Rory is two, playing in the park across the street from our old house. She goes from one thing to the next, keenly wanting to do everything “herself.”
“Wow, she must be a good sleeper,” a dad says to me. I look up. He’s watching his three children, a son who is about three and one-year-old twins. “Um, yeah. She sleeps really well,” I respond cautiously. “She is busy!” he exclaims. “I’m tired just watching her.”
That was almost five years ago and I’ll never forget thinking, “If a man with three children under the age of three thinks my kid is busy, that says something.”
At the time, I didn’t put Rory’s activity level or her lack of attention span down to Attention deficit hyperactivy disorder (ADHD). In daycare, her teachers and I would laugh at how she couldn’t sit through circle time. She’d either just walk away after a couple of minutes or turn her back to the group and quietly sing to herself. I just thought it was what kids do a that age. As a single parent of an only child, I didn’t really have anyone to directly compare her to on a day-to-day basis.
Then my fiancé’s son was diagnosed with ADHD last year. We started talking about his symptoms and we both looked at each other as though to say “That sounds like Rory!”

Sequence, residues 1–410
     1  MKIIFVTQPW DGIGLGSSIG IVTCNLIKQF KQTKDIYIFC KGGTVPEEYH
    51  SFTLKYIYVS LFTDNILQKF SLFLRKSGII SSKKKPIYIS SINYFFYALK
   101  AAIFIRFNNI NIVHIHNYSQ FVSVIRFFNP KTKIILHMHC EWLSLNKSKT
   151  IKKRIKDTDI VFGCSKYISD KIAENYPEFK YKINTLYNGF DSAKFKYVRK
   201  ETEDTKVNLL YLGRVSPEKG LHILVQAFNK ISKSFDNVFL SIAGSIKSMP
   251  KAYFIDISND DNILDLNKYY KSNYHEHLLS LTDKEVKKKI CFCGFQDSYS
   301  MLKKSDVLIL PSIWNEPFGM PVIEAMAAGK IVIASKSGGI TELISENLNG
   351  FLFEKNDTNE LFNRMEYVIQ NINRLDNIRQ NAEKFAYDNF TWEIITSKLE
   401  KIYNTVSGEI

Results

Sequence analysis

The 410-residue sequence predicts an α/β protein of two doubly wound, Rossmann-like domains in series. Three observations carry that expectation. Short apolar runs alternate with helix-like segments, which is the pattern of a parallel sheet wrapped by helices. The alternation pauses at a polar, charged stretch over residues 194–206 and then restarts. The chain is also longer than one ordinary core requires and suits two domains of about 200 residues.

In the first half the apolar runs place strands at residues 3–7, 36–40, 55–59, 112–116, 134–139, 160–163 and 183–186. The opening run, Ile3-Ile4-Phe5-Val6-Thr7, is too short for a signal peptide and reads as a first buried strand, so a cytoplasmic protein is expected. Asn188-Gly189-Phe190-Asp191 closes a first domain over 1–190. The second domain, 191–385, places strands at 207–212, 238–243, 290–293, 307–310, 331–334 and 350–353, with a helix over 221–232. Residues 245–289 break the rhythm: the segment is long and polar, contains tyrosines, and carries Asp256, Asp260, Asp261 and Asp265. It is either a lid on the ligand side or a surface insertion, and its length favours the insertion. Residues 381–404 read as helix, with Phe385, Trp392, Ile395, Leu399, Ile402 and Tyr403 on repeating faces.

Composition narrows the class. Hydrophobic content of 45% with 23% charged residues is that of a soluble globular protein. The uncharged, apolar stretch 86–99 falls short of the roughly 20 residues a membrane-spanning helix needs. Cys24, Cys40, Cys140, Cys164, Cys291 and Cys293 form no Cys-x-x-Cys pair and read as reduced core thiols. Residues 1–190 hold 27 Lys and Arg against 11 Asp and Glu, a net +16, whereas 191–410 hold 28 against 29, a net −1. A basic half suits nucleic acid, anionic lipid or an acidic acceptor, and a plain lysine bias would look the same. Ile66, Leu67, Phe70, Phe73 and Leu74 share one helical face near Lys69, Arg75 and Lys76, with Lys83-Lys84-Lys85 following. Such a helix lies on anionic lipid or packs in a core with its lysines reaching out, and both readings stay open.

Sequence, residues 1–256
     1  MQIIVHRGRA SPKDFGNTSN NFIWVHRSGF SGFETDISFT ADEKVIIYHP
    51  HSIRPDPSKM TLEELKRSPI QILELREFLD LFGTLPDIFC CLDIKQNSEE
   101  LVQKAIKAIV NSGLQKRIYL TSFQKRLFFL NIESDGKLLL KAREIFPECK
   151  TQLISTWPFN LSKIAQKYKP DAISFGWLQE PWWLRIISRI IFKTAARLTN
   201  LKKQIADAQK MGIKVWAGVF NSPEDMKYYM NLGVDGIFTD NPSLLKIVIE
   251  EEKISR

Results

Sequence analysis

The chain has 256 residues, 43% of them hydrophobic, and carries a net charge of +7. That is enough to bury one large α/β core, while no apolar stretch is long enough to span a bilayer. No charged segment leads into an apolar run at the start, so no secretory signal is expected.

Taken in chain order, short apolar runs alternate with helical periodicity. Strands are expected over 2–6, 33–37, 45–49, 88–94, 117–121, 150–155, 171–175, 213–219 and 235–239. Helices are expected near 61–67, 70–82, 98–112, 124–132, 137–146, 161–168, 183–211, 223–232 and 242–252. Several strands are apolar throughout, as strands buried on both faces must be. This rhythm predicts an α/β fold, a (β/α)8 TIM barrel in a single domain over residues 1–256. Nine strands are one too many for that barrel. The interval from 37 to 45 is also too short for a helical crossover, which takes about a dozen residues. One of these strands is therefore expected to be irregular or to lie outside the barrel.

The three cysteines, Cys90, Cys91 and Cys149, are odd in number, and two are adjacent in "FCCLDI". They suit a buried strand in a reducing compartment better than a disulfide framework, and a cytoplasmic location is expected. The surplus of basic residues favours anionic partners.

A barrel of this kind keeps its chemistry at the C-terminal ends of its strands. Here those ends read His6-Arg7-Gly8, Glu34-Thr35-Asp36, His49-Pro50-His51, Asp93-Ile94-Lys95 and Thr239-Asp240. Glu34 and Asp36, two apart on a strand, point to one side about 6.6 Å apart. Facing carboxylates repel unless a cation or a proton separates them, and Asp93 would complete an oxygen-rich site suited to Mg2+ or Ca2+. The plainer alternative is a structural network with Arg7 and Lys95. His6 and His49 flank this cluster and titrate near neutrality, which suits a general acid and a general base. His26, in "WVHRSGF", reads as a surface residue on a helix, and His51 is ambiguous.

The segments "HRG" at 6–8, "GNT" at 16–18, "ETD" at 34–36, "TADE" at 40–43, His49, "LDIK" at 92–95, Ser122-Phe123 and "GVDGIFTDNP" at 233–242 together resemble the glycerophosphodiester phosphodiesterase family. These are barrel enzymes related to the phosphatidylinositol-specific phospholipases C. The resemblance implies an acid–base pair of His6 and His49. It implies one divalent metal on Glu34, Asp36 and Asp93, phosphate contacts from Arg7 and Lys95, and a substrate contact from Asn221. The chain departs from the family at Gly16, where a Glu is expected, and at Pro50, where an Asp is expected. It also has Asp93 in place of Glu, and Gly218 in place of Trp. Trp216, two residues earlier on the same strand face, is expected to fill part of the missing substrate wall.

So I decided to check into it. I recently took Rory to our family doctor. She handed us a form with a list of ADHD markers. Rory has every single one of them. Now we’re waiting to see a paediatrician for official word.
Sure, I realize that many parents think children are being over-diagnosed, and I’m sure some are. A recent study (an ironic kick-off to Children’s Mental Health Week), shows that: “32 percent of parents dismiss ADHD as the result of ‘insufficient’ or ‘absent parenting’…. And 13 percent thought ADHD ‘should not be treated as a medical condition, but rather as a behavioural issue that can be corrected with discipline’.”
In response, Dr. Harold Koplewicz, a leading child psychiatrist said in the Huffington Post, “we need a national conversation about children’s mental health, to force out into the open the parent-bashing and misinformation that is being promulgated. We need all our kids to have the opportunity to fulfill their potential, and to get there we need you to help spread the word about early and effective intervention.”
I couldn’t agree more. If not for my fiancé and our open conversation, I may not have taken Rory to the doctor for years. For me, it is a relief to know that something is going on other than her having an attitude problem or that I’m a crappy parent. (And, yes, I fully realize that ADHD isn’t the root cause of everything nor will treatment solve everything!)
If she does have ADHD, I’ll likely face more stigma than she will. (At least I hope so.) But I could care less. I want her to thrive in school and in life. She’s a smart kid, but she’s struggling with paying attention and she never finishes her work. Discipline doesn’t seem to help, so I need help to help her. I’m not going to let stigma get in the way of her health and happiness.
What do you think: Is ADHD caused by bad parenting?